The first few months of the year often are a trying time for physicians financially. Insurance deductibles reset, meaning practices have to collect from patients instead of insurance companies. And with the increase in high-deductible plans, the early-year cash crunch is becoming a bigger problem as more healthcare costs are pushed onto consumers.
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“No one has met their deductible on January 1,” says Mat Kremke, vice president of the American Osteopathic Information Association, an affiliate organization of the American Osteopathic Association. “Smaller practices especially feel the pinch as more people have high-deductible plans. It’s not that they aren’t going to get paid, but it’s a longer process than just collecting a copay.”
Patients are becoming the new payer, now representing 30% of a bill, up from 10% in 2008, says Jonathan Wiik, MSHA, MBA, principal for healthcare revenue cycle management at TransUnion, a consumer credit reporting agency. He says this shift has two effects: Patients are more likely to delay needed care because of higher out-of-pocket expenses and those who do seek care are frequently unprepared to pay their bills.
A recent TransUnion study found that 68% of patients who had a bill for less than $500 did not pay it in full in 2016. This is up from 53% in 2015 and 49% in 2014. “The end result being that physician practices will experience continued revenue leakage from bad debt and financially disengaged patients,” says Wiik, who is also the author of “Healthcare Revolution: The Patient is the New Payer.”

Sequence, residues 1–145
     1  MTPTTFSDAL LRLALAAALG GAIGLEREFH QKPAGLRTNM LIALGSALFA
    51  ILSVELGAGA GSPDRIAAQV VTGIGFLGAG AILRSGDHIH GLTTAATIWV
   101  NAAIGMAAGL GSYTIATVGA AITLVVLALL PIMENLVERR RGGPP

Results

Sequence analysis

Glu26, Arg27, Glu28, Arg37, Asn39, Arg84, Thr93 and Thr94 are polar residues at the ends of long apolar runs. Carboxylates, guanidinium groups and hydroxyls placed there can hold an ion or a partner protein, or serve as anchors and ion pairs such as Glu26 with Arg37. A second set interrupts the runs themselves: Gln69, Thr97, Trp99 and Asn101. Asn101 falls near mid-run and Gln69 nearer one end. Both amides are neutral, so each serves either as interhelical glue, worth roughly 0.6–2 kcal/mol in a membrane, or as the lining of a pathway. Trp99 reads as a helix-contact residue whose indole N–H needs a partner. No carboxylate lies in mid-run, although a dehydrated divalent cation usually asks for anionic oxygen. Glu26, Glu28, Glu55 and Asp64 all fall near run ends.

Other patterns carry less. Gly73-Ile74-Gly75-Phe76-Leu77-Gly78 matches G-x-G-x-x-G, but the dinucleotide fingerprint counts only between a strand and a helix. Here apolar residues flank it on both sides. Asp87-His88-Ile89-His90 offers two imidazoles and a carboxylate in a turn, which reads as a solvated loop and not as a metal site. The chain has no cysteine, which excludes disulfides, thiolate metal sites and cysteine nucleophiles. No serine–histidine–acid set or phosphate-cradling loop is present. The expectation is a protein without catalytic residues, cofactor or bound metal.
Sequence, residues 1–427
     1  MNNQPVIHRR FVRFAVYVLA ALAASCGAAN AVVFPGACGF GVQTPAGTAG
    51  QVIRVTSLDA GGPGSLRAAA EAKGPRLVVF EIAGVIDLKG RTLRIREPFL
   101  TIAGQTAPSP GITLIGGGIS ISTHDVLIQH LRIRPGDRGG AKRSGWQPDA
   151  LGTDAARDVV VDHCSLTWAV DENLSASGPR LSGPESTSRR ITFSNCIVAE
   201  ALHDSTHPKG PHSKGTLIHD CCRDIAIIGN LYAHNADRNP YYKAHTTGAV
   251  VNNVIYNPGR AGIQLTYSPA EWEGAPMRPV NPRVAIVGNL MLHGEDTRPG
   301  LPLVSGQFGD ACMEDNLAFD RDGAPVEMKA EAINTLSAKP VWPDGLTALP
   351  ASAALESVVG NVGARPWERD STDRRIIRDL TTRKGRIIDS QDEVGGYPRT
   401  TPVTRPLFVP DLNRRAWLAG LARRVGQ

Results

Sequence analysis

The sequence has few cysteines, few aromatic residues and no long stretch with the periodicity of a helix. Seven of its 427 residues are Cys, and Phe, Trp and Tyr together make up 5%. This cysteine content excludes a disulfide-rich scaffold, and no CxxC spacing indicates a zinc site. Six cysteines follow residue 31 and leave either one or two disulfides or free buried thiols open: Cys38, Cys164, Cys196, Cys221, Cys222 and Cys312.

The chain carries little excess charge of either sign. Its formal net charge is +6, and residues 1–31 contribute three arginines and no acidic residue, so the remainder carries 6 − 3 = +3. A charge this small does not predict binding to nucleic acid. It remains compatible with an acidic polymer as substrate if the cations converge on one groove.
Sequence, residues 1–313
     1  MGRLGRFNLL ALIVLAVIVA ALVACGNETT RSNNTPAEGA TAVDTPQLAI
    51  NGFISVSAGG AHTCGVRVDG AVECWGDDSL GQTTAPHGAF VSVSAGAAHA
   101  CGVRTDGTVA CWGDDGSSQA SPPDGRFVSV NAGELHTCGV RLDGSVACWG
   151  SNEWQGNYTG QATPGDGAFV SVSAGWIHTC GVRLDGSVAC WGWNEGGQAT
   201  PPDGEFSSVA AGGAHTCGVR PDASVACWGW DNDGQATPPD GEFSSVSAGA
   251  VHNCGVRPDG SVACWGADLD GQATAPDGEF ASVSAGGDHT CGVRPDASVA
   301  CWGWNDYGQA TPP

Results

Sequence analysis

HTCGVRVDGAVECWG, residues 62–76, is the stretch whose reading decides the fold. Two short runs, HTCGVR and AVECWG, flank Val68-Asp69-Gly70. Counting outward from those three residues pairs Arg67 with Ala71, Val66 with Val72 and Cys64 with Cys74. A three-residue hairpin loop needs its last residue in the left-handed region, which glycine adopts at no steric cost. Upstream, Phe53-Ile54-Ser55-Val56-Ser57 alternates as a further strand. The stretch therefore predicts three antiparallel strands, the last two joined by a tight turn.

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With patients shouldering more of the financial burden, experts say physicians need to change how they approach money issues. To succeed, physicians not only need to continue looking for ways to reduce overhead expense, but also look at how they approach patient collections and to educate everyone in the practice regarding the financial challenges that loom ahead.
Tim Beechnau, DO, and Nick Beechnau, DO, a father-son team of primary care physicians in Ravenna, Michigan, have used a strategy of keeping their salaries low to allow the practice to weather the lean months at the beginning of the year.
“The first of the year is always tough, and we don’t look forward to it,” says Tim Beechnau. “We try to keep a nest egg to get us through it.”
By watching how much they spend in the early months each year, they know how much they need to save, and any leftover funds become a bonus. The Beechnaus’ practice also tries to get any bills paid at the end of the prior year, before the inevitable early-year lull when cash is tight.